Boomer Voice: How Old Should the Avatar on My Website Be?
(Editor’s Note: This post and Building an Innovative Senior Living Model in Jiangsu Province, China come to us from Aging 2.0, a great resource organization and website for boomers.
(Editor’s Note: This post and Building an Innovative Senior Living Model in Jiangsu Province, China come to us from Aging 2.0, a great resource organization and website for boomers. I know that this post is not specifically healthcare related, but I thought it was a great post, and helpful to those who wanted to write about, or were interested in, the Boomer Generation.)
The question that came to my mind and became the subject of my thesis is what age should the avatar on my commercial website be, depending on my target market. I wanted to optimize my web-users’ response toward the website and the brand.
I wanted to study avatars because they are becoming increasingly used on commercial websites. Avatars or the characters on a website have been used by companies like Ikea, Xerox, Yoplay on their websites in order to improve their web-users’ experience, the perceived socialness of their website, their customer’s positive perception of their website and brand to develop their sales. The impacts of avatars on consumer responses have been scientifically demonstrated by Holzwarth, Janiszewski and Neumann (2006) and Wang et al. (2007).
Researchers have also showed that people tend to appreciate avatars of their own ethnic background and sex (Nass, Isbister and Lee, 2000; Nowak and Rauh, 2006). Therefore, I decided to work on age as it had never been done.
I wanted to compare the behavior of three different age groups: adolescents, adults and the 65 and over group. While doing my research, I came across a concept that I did find interesting. The ‘subjective age’ of a person is considered to be a better predictor of consumer behavior than the chronological age, especially when one is dealing with aging consumers (Barack, 2009). The main idea behind the subjective age is that people when they reach their late twenties start to feel younger than their chronological age. This difference increases with age and reaches a maximum of 15 years (Moschis, 1992).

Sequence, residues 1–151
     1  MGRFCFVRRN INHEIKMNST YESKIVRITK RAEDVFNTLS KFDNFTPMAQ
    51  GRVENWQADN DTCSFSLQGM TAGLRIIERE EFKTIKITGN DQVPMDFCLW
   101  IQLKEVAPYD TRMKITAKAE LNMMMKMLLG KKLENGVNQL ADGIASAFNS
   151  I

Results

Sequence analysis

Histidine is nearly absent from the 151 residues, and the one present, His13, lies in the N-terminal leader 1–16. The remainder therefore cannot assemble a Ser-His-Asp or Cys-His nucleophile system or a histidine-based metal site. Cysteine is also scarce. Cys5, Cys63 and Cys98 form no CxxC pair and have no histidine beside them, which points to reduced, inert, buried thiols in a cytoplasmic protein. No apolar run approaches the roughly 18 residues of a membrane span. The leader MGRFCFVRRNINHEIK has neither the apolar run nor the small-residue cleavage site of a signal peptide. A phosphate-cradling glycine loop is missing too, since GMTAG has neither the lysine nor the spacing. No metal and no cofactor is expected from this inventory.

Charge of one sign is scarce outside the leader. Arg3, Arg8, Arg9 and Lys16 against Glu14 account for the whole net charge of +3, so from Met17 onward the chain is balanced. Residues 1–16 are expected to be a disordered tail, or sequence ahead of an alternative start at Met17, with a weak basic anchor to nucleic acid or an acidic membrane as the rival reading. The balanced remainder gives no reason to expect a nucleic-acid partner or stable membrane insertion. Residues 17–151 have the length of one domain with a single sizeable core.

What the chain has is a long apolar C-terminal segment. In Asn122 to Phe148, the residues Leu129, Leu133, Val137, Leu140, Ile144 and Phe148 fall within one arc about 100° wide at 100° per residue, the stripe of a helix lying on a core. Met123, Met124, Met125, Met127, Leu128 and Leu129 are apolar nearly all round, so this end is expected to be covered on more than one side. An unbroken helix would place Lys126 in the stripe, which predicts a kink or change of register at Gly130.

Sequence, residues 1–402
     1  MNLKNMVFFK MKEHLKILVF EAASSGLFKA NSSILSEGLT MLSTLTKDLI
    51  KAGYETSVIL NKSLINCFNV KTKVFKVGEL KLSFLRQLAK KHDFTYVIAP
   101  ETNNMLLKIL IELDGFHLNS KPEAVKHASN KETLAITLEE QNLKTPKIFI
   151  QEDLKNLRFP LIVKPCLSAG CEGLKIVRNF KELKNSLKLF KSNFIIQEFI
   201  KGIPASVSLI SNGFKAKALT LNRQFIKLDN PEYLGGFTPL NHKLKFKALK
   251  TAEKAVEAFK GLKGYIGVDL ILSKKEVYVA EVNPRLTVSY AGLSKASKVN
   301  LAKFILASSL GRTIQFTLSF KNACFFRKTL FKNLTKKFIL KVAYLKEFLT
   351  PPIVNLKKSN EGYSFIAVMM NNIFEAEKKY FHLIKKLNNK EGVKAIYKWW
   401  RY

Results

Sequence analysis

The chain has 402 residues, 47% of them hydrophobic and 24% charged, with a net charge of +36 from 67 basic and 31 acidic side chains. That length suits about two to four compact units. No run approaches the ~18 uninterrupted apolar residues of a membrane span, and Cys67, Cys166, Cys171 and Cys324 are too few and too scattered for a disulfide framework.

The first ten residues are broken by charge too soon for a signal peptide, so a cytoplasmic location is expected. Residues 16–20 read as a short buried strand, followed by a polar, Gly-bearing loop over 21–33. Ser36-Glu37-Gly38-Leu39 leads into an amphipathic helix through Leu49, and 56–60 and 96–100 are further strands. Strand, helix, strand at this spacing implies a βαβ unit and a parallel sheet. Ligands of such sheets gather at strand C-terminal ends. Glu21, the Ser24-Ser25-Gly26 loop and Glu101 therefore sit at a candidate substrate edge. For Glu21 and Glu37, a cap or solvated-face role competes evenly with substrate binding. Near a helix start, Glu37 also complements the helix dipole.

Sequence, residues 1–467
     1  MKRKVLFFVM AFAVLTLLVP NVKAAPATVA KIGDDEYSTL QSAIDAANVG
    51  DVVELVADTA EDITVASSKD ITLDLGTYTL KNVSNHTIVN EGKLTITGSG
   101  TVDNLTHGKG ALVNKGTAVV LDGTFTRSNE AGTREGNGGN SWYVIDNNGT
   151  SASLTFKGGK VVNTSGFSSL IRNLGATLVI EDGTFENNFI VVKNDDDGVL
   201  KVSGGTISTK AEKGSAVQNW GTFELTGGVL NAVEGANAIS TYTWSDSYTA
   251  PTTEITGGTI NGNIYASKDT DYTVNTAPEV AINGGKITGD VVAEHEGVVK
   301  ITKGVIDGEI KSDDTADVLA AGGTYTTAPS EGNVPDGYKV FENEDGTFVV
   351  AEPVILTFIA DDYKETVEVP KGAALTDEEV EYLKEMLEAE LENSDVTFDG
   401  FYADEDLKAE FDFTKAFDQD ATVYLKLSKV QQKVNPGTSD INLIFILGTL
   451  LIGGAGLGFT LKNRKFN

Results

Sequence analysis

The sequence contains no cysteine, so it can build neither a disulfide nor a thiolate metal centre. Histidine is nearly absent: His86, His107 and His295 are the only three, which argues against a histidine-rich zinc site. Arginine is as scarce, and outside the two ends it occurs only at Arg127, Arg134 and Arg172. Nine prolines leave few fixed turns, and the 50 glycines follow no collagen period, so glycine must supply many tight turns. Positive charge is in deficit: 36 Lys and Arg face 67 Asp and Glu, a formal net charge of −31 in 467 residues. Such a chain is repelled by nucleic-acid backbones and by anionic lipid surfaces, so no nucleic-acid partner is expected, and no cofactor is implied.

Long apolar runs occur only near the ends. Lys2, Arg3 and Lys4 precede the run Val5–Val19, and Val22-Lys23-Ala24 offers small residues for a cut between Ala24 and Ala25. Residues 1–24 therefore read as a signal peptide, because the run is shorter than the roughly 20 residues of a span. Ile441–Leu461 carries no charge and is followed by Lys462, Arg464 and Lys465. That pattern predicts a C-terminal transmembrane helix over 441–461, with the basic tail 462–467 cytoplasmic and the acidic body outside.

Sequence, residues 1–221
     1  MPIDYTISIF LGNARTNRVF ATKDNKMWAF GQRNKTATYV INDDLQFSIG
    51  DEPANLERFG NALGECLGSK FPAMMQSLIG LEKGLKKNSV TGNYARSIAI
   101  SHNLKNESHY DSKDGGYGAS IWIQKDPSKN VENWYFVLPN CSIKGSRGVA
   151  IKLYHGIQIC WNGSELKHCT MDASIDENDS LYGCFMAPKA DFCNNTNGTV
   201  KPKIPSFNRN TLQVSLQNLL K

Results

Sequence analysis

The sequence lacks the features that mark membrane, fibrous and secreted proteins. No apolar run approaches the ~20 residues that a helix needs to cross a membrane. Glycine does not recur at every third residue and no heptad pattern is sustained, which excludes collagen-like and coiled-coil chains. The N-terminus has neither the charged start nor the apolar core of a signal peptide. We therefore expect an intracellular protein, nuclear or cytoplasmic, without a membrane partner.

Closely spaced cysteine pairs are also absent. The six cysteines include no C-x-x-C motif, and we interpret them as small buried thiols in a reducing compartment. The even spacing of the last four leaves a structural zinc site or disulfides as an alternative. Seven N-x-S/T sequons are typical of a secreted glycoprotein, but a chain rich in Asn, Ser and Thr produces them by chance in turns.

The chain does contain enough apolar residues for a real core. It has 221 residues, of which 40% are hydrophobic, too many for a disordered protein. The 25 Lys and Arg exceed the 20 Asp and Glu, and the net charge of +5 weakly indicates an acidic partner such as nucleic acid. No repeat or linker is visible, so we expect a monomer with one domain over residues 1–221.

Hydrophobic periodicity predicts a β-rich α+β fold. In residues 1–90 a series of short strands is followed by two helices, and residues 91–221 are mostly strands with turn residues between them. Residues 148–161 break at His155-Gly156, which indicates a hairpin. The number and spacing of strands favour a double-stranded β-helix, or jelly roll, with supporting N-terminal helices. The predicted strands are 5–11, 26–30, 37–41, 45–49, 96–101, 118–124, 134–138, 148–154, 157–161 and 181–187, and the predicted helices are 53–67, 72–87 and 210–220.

The subjective age (the age that one feels) was developed in the 50’s because researchers wanted to improve their understanding of the aging customers.
The results of my research do match the results of previous studies on the subject. I did find that the maximum gap between the chronological age and the subjective age is between 13 and 15 years.
Therefore, if you add to the subjective age the fact that according to the Attraction for Similarity Theory (Byrne, 1971) people tend to be attracted to people that are similar to them, the subjective age is crucial to determine the optimal age of an avatar on a commercial website.
As the difference between the subjective age and the chronological increases with age it is very important while dealing with the 50+ crowd to take this subjective age into account. The cosmetic industry (L’Oreal, in particular) has been one of the first industries to integrate this concept in their advertising.
The results of my research show that an avatar that is perceived as matching a participant’s subjective age will have a more positive impact on the attitude toward the website and the brand attitude than an avatar that is not perceived as matching the participant’s subjective age.
However, if you separate the participants of the mismatching group into two groups; the younger mismatching and the older mismatching; there is no significant difference between the matching group and the younger mismatching group. In fact, both groups have a more positive impact on the attitude toward the website and the brand compared to the older mismatching group.
As a conclusion I would strongly recommend web designers or companies that are creating a website for the 50+ crowd to include an avatar of the same age as their target population’s subjective age.
- Barak, B. (2009). “Age identity: A cross-cultural global approach.” International Journal of Behavioral Development 33(1): 2-11.
- Byrne, D. (1971). The attraction paradigme. New York, NY, Academic press.
- Holzwarth, M., C. Janiszewski, et al. (2006). “The Influence of Avatars on Online Consumer Shopping Behavior.” Journal of Marketing 70: 19-36.
- Jones, S. (2009). “Generation online 2009.” from http://www.pewinternet.org/~/media//Files/Reports/2009/PIP_Generations_2009.pdf.
- Moschis, G. (1992). Marketing to older consumers: a handbook of information for strategy development. Wesport, CT, Quorum books.
- Nass, C., K. Isbister, et al. (2000). Truth is beauty: researching embodied conversational agents. Embodied conversational agents. J. Cassell, J. Sullivan, S. Prevost and E. Churchill. Cambridge, Ma., The MIT press: 374-402.
- Nowak, K. and C. Rauh (2006). “The influence of the avatar on online perceptions of anthropomorphism, androginy, credibilty, homophily and attraction.” Journal of computer mediated communication 11: 153-178.
- Wang, C., J. Baker, et al. (2007). “Can a retail website be social?” Journal of Marketing 71: 143-15